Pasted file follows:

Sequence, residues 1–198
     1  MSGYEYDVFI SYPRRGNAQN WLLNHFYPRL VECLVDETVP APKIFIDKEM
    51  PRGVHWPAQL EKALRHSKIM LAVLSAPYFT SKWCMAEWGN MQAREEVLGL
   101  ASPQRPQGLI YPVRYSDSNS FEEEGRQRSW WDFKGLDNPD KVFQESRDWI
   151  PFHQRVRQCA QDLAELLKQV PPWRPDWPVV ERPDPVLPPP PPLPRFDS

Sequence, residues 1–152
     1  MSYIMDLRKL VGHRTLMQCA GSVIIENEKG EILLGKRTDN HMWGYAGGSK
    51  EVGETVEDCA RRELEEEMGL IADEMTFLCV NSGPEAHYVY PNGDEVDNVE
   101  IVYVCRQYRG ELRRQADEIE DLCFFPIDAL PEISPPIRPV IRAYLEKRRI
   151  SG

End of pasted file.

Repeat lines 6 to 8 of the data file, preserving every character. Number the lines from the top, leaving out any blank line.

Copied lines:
Sequence, residues 1–152
     1  MSYIMDLRKL VGHRTLMQCA GSVIIENEKG EILLGKRTDN HMWGYAGGSK
    51  EVGETVEDCA RRELEEEMGL IADEMTFLCV NSGPEAHYVY PNGDEVDNVE